Let's go back to where Adobe Stock came from for a moment: Fotolia.
Many were turned off Fotolia prior to 2016 due to their cuts to contributor commissions. At one point Fotolia’s rate was just 20% commission for new independent photographers. This raised to 23% after 100 credit sales (subscription sales equaled only 1/4 of a credit sale). Then the scale continued to climb, but most photographers would likely stay in the measly 23% – 25% royalty range for some years. Terrible to say the least – yet they did sell a lot of images.
Thankfully, this has all changed as mentioned above due to the Adobe purchase. People were nervous when Adobe announced the acquisition, but surprisingly all the changes made were for the better. A website revamp, royalty increases, friendly customer relations. Credit where credit is due – Adobe got this one totally right.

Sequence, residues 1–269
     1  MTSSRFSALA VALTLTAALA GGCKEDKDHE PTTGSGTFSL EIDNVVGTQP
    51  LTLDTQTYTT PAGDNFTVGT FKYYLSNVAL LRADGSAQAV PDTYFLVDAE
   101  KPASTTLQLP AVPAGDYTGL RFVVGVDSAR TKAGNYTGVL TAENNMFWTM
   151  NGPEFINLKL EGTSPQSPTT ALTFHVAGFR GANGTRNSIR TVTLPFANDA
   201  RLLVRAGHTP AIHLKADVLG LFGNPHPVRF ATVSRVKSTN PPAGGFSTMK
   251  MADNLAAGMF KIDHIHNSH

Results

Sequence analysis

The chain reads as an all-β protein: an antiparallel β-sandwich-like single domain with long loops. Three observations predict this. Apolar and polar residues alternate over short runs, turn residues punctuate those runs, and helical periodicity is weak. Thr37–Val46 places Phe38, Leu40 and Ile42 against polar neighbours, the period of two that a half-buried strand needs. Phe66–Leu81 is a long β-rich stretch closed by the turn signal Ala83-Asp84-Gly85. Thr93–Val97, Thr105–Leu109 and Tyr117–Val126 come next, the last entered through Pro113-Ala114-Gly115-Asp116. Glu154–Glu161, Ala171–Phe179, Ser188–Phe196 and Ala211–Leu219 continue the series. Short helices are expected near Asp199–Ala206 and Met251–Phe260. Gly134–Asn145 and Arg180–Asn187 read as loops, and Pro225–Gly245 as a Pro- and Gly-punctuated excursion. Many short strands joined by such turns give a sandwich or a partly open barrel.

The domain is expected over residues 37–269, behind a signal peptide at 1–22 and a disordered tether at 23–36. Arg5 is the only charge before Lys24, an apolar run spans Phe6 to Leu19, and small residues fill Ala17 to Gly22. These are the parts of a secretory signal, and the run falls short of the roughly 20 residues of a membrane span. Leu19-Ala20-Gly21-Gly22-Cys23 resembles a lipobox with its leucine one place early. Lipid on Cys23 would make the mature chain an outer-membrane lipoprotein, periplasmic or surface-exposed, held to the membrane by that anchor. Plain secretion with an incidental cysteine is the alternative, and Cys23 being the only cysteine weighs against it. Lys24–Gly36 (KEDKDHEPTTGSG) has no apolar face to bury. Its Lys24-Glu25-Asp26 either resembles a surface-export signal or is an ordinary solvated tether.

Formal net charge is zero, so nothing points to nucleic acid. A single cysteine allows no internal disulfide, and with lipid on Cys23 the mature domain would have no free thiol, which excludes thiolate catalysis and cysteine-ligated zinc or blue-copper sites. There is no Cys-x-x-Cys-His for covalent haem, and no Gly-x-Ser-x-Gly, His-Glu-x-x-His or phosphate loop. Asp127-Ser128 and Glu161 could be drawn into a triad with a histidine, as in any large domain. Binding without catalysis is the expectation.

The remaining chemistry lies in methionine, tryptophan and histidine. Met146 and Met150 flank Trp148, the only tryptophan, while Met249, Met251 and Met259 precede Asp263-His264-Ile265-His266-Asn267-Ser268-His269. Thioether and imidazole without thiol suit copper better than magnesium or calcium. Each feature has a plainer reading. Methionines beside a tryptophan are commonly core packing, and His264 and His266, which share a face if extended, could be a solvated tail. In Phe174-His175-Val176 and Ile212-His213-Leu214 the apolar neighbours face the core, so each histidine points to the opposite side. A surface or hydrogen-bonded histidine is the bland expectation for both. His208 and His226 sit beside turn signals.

Because of this, contributors really started getting behind Adobe Stock and they haven't been disappointed.
Sales are very regular and it's not just subscription sales either. Many contributors are ranking Adobe Stock in their top 3 or so microstock agencies, with some even now finding they are out-earning Shutterstock!
While 33% isn't the highest royalty in the industry, it does feel sustainable and therefore unlikely to change. Many of the agencies that have started higher at 50% or even 60% have lowered it drastically, disappointing contributors along the way. But it feels like Adobe has settled on a workable arrangement for the long-term.